The apricot tree is mainly propagated vegetatively to maintain the variety purity and, as a result, the desirable characteristics. Trees can be propagated by grafting (T-grafting) or budding of the wanted variety (scion) on 1-2 years old rootstocks (genetically distinct variety). Grafting is a commonly used technique by which we join together parts from two different plants so that they will grow as a single plant. The upper part of the first plant is called a scion and grows on the root system of the second plant, called the rootstock. As a rootstock, the seedling of an apricot or plum plant can be used. Sometimes, peach seedlings may be used as rootstocks, but some incompatibility problems exist. The selection of the rootstock variety is very important since it will affect the tree size, the resistance to soil-born pathogens, and the draught and frost tolerance of the grafted tree. Eventually, we have a plant that combines all the advantages of its different components. T grafting can be performed from early spring as soon as the bark can be easily detached, but as the most suitable period, we consider summer and autumn. You are advised to purchase your grafted trees from a legitimate plant nursery to ensure the variety, purity, and plants’ health.
Apricot Tree Pollination
Most commercial varieties of apricot are self-fertile. However, cross-pollination is usually preferred since it may result in higher yields. Moreover, there are also some variety exceptions that are (partially) self-sterile and require cross-pollination to set fruits. Some of the varieties that are not self-fertile are listed below:
- Varieties mainly used in America: Vivagold, Riland, Perfection, Orange red, and others
- Varieties mainly used in Europe: Tsunami, Spring blush, Primado, Bebeco, Wonder Cot, PinCot, Velazquez Fino, Pepito del Cura, Moniqui Fino, and others.
- Others: Acqua del Serino, Morocco, Patterson, Bellidieu, Cafona, Pisana, Goldcot, Selene, Tilton, Valenciano, Modesto, etc
These varieties need to be planted at a close distance to compatible pollinizer varieties (1 or more). For a higher success rate, the pollinizer apricot varieties’ trees should be 15-25% of the total number of trees in the orchard. Most producers prefer to plant one row of the pollinizer variety for every 3 rows of the main variety to facilitate cross-pollination.
The honeybee is the primary insect that can facilitate the cross-pollination of Apricot trees. Most Apricot growers place 5-7 strong and healthy honey bee colonies per hectare. To protect the bees (and other beneficial insects), it is vital not to spray with pesticides during the blooming period of the apricots (especially with nonselective products). The pollination efficiency may drop when the weather is cold, rainy, cloudy, or windy since the bees do not forage well in such conditions. This is a significant problem in colder areas and with very early flowering varieties. In this case, the fruit formation will be reduced or even limited. Decreased fruit yield may also be the result of pollen incompatibility. This means that the varieties that have been planted together are not fully compatible or/and flowering is asynchronous. Such a problem is tough and costly to be corrected after the trees have been established in the field. For this reason, it is essential to make your own research and get advice from your local plant nursery and agronomist before you choose and plant the apricot varieties (choose your main variety and find the best pollinizer varieties compatible with it). For trees that grow under cover, complementary hand pollination may be needed. Finally, except for the above-mentioned reasons, the apricots may fail to bear fruits in case of frost during flowering (temperature of -1 °C or 30 °F will kill the flowers), heavy pruning (removal of too many flower buds), and poor training (horizontal orientation of the branches) and excessive nitrogen fertilization.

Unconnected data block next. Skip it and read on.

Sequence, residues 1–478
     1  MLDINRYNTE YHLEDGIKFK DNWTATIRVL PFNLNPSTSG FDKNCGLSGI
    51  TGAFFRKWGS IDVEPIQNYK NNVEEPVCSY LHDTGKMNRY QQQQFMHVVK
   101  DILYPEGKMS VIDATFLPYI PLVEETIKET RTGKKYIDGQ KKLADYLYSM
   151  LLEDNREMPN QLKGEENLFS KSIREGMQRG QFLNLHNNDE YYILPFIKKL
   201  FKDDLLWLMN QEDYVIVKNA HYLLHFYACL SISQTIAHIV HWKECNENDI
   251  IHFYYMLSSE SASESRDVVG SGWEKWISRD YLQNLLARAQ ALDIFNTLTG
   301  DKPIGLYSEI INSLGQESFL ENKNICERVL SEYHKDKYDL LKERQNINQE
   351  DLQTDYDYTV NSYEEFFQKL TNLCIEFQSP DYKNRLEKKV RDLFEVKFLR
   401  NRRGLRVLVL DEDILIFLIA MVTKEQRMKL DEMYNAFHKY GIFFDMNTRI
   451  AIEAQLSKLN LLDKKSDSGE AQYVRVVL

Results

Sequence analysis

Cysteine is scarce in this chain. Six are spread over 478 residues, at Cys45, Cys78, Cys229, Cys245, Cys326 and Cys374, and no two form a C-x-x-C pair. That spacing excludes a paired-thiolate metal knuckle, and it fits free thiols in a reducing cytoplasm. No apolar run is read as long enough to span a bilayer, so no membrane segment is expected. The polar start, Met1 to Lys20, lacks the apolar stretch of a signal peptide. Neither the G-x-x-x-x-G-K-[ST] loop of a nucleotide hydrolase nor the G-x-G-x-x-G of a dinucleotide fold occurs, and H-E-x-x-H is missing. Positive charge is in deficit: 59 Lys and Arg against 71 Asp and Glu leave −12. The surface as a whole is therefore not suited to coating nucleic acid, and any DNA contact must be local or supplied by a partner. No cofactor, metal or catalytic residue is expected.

How to Propagate and Pollinate Apricot Trees
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